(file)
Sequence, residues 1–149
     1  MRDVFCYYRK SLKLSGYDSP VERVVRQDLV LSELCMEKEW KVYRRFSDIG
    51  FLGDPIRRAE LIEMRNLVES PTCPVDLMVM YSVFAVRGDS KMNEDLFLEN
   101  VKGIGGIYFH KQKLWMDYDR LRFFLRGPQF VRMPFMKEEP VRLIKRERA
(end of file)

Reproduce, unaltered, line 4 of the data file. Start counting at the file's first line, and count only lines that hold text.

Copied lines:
   101  VKGIGGIYFH KQKLWMDYDR LRFFLRGPQF VRMPFMKEEP VRLIKRERA